// Get all the directories in the patches folder
  let to_patch = fs
    .filter(f => fs.statSync(path.join(PATCHES_DIR, f)).isDirectory());

  // If there's only a single entry in the patches directory, the {set glob} 
  // syntax won't match, so add a dummy entry to work around that

  // Convert the patch directories into a glob that matches all the files
  // from the corersponding source packages.
  let globs_to_patch = NODE_MODULES + "/{" + to_patch.join(",") + "}/**/*";

  return gulp
    .src(globs_to_patch, { base: NODE_MODULES }) // copy only the modules that have patches
    .pipe(patch(PATCHES_DIR + "/**/*.patch"))

This has some nice properties:

  • The change being made is explicit, as there’s a patch file in the repo.
  • When upstream changes, either the patch will continue to apply and all is probably well (diff line numbers and context lines haven’t changed), or it will fail to apply and you know to check and update.
  • From the perspective of tools looking at package.json, you’re using the standard upstream library. Everything works normally.

The main downside compared to the fork approach is maintaining a patch file is more work compared to maintaining a forked repo. You can’t just git pull, unless you combine both approaches and generate the patch from a fork. It is also slightly higher risk, as after an upstream change the patch might still successfully apply, but it now breaks the package in a way that would have been picked up had you run the package’s tests after pulling the changes into a forked repo.

Monkey patch

Thanks to the wonder that is javascript we could use the original module unmodified, but at run-time try and fix it up to have the behaviour we want. Depending on the patch this could be trivial and relatively clean – perhaps an ‘internal’ integer should have a different value. It could be really ugly if, say, a large function needs a slight logic change – the whole function will need to be replaced, implying your patching code has to have a complete copy of said function.

/* eslint-disable */
// monkey patch to make it do the right thing
originalModule.func = function() {

Good luck getting that to type-check in TypeScript!

This feels fragile, kind of like node_module_patches – you might well only know when it breaks when you (or your users) hit the bugs at run time.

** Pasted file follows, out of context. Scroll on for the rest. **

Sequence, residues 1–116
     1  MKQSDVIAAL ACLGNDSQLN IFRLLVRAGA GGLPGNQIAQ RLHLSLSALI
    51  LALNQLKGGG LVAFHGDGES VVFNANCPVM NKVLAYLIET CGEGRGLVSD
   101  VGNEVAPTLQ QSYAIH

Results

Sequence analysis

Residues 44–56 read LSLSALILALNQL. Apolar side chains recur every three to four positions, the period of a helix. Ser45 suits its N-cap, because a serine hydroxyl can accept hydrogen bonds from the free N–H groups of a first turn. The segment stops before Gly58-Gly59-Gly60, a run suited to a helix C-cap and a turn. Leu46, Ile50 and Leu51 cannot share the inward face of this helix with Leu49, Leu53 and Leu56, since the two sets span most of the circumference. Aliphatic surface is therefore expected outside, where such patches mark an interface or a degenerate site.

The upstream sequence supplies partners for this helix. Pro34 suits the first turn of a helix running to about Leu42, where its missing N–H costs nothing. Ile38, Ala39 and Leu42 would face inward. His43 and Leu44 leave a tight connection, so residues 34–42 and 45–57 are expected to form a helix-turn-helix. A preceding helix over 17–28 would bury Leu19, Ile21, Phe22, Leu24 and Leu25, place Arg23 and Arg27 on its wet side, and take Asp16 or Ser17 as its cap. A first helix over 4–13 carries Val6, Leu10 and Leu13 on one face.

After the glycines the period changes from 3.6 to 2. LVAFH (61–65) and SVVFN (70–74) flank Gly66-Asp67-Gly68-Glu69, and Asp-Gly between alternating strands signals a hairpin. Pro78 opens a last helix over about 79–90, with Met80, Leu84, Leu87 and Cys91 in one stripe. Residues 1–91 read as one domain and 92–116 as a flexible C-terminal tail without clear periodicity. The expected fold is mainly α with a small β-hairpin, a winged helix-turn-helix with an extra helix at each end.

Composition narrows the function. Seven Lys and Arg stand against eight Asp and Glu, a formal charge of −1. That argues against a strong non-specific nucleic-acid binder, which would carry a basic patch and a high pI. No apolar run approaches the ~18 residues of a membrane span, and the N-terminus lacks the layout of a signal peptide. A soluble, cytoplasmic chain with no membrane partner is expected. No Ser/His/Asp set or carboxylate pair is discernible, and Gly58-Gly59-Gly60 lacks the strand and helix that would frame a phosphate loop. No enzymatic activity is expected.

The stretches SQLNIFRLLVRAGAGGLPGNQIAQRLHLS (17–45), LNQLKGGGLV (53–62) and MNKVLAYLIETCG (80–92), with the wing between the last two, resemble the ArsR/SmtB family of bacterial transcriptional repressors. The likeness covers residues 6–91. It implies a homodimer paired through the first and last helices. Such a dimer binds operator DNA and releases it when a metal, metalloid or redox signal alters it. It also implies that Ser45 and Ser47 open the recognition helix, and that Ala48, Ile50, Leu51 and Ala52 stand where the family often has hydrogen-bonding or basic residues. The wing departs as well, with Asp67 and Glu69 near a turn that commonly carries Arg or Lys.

Other languages

How is this solved in other languages?

Composer is a package manager for php, partly inspired by npm. There is a plugin for composer called composer-patches which does exactly what I’m looking for: it applies a patch to dependencies as they are installed by composer. Because it’s integrated with the package manager, it avoids the issue with using npm’s postinstall script described previously – the patches are only applied when the module is installed. It goes further than this and supports dependencies applying patches to their own dependenciesto their own dependencies – this seems a little problematic, as it encourages creating libraries that need patches to be applied, which in turn forces any users of your library to use composer-patches as well. Neither npm nor yarn support plugins.

Go has some particular problems with the fork approach, because dependencies include their full path: import "". These can be worked around, but that’s all I’ve found on this topic.

The tradition in ruby seems to be monkey patching.

I couldn’t see anything beyond the fork approach mentioned for python or rust.


Whilst this is a common problem, there is little discussion of solutions. I assume this is because most people simply fork, patch, and move on with their lives.

This is the most robust approach, and you should probably do this. However if you’d like your existing dependency management tools to continue working with this patched dependency, there are a couple of decent options.

It may be worth considering monkey patching - is your change small, easy to implement at runtime, and when upstream changes likely to either be robust or fail noisily? This could be the simplest approach.

In preference to monkey patching I would probably recommend applying a source code patch as part of a build step. It’s relatively robust, easy to manage, and less fiddly than trying to monkey patch.

Hopefully this will save someone the time I spent searching for something like this post! If you have any thoughts on the subject, or decide to re-implement my solution as a gulp plugin, please let me know!